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Elm Analytics - Automotive Supply Chain Risk Digest #113 - April 5 - 11, 2019

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As a manufacturer, the most effective countermeasure to supply chain risk is the specific knowledge t
 

Automotive Supply Chain Risk Digest

April 12 · Issue #113 · View online
Weekly highlights of the events that impact supply chain risk within the automotive industry.

As a manufacturer, the most effective countermeasure to supply chain risk is the specific knowledge that your direct suppliers have their supply chains under control.
You did your due diligence up front when selecting each supplier.
Once you are in production, the critical question is, “Have your suppliers done their homework?"​
- Tor

CHANGE IN MANAGEMENT
BMW’s Bernd Koerber will now head its Mini brand. Koerber succeeds Sebastian Mackensen, who has moved to BMW Group sales in Germany.
Ford is promoting Jim Farley to the president of new business, technology, and strategy. Joe Hinrichs has been named the president of automotive.
Ford has also named Yang Song as its new sales chief in China. Yang was previously the president of German SUV maker Borgward.
HUMAN CAPITAL
Ford hopes to cut 700 workers through a voluntary layoff program at its plant in Camacari, Brazil. The facility currently employs 7400 people.
Meanwhile, Ford’s European restructuring is expected to cut 5000 jobs in Germany.
LABOR DISPUTE
Workers at Ford’s St. Petersburg, Russia plant are protesting its planned closure. The union representing around 1/3 of the plant’s workforce is pushing for more generous layoff packages.
LITIGATION
FCA will pay $110m to settle a lawsuit alleging it misled U.S. investors over excess diesel emissions.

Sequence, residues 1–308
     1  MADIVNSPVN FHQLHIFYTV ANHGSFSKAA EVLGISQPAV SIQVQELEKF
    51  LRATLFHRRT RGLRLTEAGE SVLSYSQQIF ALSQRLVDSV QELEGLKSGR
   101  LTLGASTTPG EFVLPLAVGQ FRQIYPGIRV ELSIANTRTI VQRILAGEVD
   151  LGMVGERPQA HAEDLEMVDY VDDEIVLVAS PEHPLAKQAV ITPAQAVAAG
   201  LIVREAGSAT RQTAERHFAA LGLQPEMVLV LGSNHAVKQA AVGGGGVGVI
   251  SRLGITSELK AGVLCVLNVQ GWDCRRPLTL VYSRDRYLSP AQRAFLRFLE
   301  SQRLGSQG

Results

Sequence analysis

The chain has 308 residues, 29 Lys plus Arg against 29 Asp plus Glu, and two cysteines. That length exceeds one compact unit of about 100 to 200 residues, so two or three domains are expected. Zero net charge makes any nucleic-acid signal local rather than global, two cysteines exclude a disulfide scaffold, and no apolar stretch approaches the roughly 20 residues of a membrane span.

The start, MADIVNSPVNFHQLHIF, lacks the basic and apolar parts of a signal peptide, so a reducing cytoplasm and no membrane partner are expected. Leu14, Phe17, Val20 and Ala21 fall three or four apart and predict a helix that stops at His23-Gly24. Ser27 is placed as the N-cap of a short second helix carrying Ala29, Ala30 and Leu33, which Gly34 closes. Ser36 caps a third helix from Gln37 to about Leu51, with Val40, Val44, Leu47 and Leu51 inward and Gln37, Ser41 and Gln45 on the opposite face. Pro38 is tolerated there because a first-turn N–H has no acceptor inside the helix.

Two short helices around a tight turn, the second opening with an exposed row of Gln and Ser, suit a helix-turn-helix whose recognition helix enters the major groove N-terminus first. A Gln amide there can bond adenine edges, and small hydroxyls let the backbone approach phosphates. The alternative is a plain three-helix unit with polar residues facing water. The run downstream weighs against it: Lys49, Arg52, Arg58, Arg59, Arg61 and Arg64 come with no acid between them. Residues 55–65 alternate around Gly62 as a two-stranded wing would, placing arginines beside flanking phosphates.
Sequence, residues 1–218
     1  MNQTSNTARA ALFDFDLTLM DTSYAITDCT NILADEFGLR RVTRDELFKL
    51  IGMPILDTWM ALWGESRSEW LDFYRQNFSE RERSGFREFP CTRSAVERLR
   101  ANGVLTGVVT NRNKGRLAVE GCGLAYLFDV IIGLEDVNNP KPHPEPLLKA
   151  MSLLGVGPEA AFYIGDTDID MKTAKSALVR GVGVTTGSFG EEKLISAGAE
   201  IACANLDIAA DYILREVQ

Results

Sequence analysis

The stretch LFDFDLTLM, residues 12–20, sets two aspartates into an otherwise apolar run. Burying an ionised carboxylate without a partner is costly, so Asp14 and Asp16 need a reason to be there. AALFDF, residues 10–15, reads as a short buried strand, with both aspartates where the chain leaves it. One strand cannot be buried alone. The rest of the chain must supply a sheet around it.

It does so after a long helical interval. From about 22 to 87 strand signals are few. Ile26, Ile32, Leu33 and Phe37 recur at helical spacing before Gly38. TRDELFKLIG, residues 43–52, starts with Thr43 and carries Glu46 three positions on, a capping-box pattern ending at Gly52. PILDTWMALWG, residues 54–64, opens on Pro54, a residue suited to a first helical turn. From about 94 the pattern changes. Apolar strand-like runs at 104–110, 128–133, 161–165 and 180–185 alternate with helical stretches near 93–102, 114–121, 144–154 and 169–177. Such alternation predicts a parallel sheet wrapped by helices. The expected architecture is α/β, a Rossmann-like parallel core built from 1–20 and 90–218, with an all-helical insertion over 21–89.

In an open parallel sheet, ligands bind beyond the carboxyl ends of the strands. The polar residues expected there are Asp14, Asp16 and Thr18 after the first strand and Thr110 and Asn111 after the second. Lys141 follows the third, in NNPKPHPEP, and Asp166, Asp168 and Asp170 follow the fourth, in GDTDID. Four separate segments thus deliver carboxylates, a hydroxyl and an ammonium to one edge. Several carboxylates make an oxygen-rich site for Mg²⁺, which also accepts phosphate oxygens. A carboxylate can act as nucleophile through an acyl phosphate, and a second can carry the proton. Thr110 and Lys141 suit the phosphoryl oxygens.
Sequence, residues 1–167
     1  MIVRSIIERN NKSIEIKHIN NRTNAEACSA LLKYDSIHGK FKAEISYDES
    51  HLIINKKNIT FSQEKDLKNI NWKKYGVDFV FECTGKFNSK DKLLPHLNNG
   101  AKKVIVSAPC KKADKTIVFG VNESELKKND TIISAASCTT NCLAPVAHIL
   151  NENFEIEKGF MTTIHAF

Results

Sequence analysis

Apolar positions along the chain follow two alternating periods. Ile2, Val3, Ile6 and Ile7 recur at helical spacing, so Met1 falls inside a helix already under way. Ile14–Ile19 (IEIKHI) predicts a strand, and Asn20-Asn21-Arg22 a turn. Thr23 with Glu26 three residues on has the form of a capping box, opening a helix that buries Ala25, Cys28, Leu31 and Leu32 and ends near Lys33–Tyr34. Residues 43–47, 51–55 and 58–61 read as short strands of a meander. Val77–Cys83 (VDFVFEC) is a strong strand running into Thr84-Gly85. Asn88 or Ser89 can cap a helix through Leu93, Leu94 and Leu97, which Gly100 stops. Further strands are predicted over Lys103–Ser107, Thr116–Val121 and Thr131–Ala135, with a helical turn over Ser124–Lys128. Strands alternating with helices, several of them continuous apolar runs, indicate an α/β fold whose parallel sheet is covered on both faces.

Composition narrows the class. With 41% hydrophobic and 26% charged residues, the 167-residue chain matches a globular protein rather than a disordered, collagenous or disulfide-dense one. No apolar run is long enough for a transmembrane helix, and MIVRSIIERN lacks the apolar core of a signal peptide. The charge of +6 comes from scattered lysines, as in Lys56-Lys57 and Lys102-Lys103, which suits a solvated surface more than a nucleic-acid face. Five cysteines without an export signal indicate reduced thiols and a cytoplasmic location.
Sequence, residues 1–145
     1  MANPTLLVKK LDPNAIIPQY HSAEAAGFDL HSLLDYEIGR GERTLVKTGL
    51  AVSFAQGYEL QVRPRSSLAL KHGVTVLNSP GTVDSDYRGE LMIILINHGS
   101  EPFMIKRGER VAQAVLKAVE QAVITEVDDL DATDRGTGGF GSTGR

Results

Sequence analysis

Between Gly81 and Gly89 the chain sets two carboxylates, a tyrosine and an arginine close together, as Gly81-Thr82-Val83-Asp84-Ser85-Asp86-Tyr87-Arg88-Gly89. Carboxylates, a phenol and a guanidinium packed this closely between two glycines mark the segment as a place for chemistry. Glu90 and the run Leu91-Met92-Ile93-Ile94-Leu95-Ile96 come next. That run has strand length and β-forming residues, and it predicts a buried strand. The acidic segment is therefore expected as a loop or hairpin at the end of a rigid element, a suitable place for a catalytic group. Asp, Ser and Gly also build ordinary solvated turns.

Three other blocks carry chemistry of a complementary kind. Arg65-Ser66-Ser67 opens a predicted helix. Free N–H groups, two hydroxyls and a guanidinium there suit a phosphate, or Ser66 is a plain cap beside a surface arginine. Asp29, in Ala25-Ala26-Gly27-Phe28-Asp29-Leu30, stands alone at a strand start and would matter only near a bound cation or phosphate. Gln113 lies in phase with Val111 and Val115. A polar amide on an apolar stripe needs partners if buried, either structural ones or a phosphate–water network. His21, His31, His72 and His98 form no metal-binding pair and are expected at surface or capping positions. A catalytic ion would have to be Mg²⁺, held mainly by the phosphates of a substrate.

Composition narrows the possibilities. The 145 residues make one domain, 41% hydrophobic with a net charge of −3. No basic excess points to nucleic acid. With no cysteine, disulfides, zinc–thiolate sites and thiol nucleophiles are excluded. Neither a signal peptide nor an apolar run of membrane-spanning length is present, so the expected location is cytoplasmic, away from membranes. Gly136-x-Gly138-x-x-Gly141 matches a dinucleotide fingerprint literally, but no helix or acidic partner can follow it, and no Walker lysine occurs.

327,000 Ford F-150 and Super Duty pickups are being recalled for the second time over yet another engine fire risk. The automaker said that dealership recall inspections on the engine block heater cables might have inadvertently damaged them.
MERGERS, VENTURES, ACQUISITIONS
DENSO has announced that they will invest $1.6b over the next three years into developing and producing automotive electrification products and systems. As part of the electrification push, DENSO will open a new Electrification Innovation Center in 2020 at its plant in Anjo, Japan.
VW is exploring purchasing the majority stake in its Chinese EV partner JAC Motors. VW would become the second foreign automaker to gain control of a Chinese joint venture.
Geely launched a new premium EV brand called Geometry this week. Geometry will focus on the Chinese market. It plans to roll out ten EV models by 2025.
PLANT DISASTER
A railroad operator was killed in an accident at the ArcelorMittal Indiana Harbor steel mill. The death was the 392nd fatality at the mill since it first opened in 1902.
PLANT EXPANSION
Financial problems have forced Tesla and Panasonic to shelf Gigafactory expansion plans.
PLANT OPENING
Toyota Boshoku will invest $50m into a new plant in Athens, Alabama. Four hundred people will be employed to supply the nearby Mazda Toyota plant currently being constructed.
Toronto-based First Cobalt will invest $30m into restarting an idled cobalt refinery in Canada.
RAW MATERIALS
Iron ore prices hit their highest levels in five years this week. While supply disruptions in Brazil and Australia played a factor, the gains coincided with rampant buying of Chinese steel futures.
US government officials will meet with executives from Tesla, Ford, GM and lithium mining executives from Albermarle and Livent. The group aims to launch a national electric vehicle supply chain strategy.
Chinese EV and battery maker BYD is concerned about securing enough nickel. The automaker says they would welcome joint ventures to help guarantee supply.
REGULATION
The European Commission received clearance to start trade talks with the US Thursday. Negotiations will cover tariffs on industrial goods and EU / US standards displayed on products.
SUPPLY CHAIN
Seventeen-hour delays at the US-Mexico border are cutting the number of inbound trucks to the U.S. by half. The delays are the result of the Trump administration’s decision to move 750 border agents from commercial to immigration duties.
US tariffs on Chinese goods have shifted supply chains. Many manufacturers have moved production to Vietnam, Taiwan, and South Korea.
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